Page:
Rodgers & Hammerstein’s OKLAHOMA! officially opened on Broadway in the Spring of 1943 at the St. James Theatre. It went on to become a surprising massive box office smash running for 2,212 performances. Ticket sales were so impossible to get when it first came out. In addition, our troops who served our country during both World Wars would get free tickets. Also OKLAHOMA became the first major musical ever to produce an original cast recording. Under the direction of Rouben Mamoulian and choreography by Agnes deMille, the cast consisted of….
Alfred Drake (later Jack Kilty, Howard Keel, Harry Stockwell, and Bob Kennedy) as “Curly”,
Joan Roberts (later Mary Hatcher, Iva Withers, Evelyn Wyckoff, Carolyn Tanner, and Betty Jane Watson) as “Laurey”,
Howard daSilva (later Richard Rober, Murvyn Vye, and Bruce Hamilton) as “Jud Fry”,
Betty Garde (later Ruth Weston and Edith Gresham) as “Aunt Eller”,
Celeste Holm (later Vivan Allan, Shelley Winters, Edna Skinner, and Bonita Primrose) as “Ado Annie”,
Lee Dixon (later Tom Avera, Paul Crabtree, James Parnell, and Jack Kitty) as “Will Parker”,
Joseph Buloff (later Max Willienz, Mark Windheim, Herbert Berghof, and Guy Reenie) as “Ali Hakim”.
The original staging of OKLAHOMA did not receive any Tony Awards because the Tonys were actually not developed till 1946.
Following the success of its original Broadway run, it went on to become a worldwide hit in London’s West End, Australia, and everywhere.
OKLAHOMA was later revived 5 times starting in 1951 at the Broadway Theatre running for 100 performances. Featuring the original creative team, this cast featured….
Ridge Bond as “Curly”,
Patricia Northrop as “Laurey”,
Henry Clarke as “Jud Fry”,
Mary Marlo as “Aunt Eller”,
Jacqueline Sundt as “Ado Annie”,
Walter Donahue as “Will Parker”,
Jerry Mann as “Ali Hakim”,
This engagement did not receive any Tony Award nominations or wins.
The 2nd revival was in 1953 for a brief stint at New York City Center (in honor of the musical’s 10th Anniversary) for 40 performances. With the same original creative team once again, this cast consisted of…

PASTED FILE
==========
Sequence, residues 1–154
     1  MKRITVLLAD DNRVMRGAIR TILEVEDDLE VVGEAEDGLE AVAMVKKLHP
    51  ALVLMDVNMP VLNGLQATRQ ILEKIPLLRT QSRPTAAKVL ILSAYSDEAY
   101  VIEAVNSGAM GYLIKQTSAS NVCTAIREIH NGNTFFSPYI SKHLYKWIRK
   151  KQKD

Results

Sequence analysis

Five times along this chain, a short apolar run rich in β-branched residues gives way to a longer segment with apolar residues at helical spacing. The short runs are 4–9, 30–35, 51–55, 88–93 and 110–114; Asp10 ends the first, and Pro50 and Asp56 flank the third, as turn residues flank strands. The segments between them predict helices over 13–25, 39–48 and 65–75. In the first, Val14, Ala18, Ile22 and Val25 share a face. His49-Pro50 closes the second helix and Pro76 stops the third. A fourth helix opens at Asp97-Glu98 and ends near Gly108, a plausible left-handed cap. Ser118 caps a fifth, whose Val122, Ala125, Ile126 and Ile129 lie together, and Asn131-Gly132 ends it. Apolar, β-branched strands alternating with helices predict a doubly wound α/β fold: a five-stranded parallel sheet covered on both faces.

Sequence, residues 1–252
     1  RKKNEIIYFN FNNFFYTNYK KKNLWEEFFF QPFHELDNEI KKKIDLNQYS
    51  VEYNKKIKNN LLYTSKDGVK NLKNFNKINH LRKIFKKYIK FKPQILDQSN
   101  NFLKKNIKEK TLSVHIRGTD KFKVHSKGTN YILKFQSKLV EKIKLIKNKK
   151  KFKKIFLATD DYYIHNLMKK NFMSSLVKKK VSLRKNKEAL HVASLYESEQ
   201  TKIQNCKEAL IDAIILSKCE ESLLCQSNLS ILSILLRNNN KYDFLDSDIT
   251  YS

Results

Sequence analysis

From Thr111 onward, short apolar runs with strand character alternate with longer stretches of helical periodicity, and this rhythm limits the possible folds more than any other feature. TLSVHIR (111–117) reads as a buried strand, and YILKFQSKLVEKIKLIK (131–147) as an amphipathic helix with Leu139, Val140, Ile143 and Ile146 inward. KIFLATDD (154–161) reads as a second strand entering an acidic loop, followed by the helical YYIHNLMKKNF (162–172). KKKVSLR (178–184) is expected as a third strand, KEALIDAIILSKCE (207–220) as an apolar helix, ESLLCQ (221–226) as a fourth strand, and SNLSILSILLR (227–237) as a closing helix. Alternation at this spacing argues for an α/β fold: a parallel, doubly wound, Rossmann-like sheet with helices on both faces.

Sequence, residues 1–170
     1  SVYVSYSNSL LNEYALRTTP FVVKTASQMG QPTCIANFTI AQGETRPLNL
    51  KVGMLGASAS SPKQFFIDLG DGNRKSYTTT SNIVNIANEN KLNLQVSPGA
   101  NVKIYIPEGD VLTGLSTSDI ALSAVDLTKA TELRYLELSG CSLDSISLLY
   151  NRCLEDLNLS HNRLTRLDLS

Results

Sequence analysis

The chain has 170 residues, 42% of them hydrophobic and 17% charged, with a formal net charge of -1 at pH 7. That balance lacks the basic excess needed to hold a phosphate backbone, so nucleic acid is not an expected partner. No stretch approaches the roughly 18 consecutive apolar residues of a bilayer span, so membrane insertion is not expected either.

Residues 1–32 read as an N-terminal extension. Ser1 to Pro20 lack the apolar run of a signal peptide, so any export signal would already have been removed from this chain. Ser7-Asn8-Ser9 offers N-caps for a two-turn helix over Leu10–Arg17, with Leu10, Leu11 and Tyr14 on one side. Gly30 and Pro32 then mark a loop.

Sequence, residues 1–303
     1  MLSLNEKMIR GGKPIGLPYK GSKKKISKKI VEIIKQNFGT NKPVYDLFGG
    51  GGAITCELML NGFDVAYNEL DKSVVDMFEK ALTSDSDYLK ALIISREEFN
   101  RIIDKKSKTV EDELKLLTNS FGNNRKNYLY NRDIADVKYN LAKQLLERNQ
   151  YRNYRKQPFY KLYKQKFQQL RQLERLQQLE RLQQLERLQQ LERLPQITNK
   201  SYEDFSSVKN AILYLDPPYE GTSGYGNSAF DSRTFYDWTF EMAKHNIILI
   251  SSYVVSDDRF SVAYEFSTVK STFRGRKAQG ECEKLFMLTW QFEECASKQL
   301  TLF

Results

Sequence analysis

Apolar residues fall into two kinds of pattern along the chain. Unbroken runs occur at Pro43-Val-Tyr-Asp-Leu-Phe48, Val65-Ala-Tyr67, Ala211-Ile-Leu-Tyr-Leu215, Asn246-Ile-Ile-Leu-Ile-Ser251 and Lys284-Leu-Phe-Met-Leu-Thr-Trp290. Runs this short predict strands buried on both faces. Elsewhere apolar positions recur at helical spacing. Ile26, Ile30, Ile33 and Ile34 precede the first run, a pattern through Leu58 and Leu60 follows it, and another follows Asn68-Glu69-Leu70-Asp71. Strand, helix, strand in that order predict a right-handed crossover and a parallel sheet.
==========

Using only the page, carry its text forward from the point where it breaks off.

Ridge Bond as “Curly”,
Florence Henderson as “Laurey”,
Alfred Cibelli, Jr. as “Jud Fry”,
Mary Marlo as “Aunt Eller”,
Barbara Cook as “Ado Annie”,
Harris Hawkins as “Will Parker”,
David Le Grant as “Ali Hakim”.
This engagement did not receive any Tony Award nominations or wins either.
The 3rd revival was in 1979 at Broadway’s Palace Theatre for 293 performances. Under the direction of William Hammerstein and the original Agnes DeMille choreography, this cast featured…
Laurence Guittard (later Joel Higgins) as “Curly”,
Christine Andreas as “Laurey”,
Martin Vidnovic (later David Brummel) as “Jud Fry”,
Mary Wickes as “Aunt Eller”,
Christine Ebersole (later Susan Bigelow and Catherine Cox) as “Ado Annie”,
Harry Groener as “Will Parker”,
Bruce Adler as “Ali Hakim”,
This production received 2 Tony Award nominations that year for both BEST LEADING ACTRESS IN A MUSICAL (for Andreas) and BEST FETURED ACTRESS IN A MUSICAL (for Ebersole) but lost both categories.
The 4th Broadway revival of OKLAHOMA came in 2002 based on a critically acclaimed 1998 production that played London’s National Theatre. It played Broadway’s Gershwin Theatre for a total of 388 performances. This production was well known for having the real actors who play the roles of “Curly”, “Laurey”, and “Jud” to dance in the musical’s Dream Ballet scene. In most productions, the Ballet is done by the Ensemble serving as the double for “Curly”, “Laurey”, and “Jud”. Under the direction of Sir Trevor Nunn and choreography by Susan Stroman, the cast consisted of….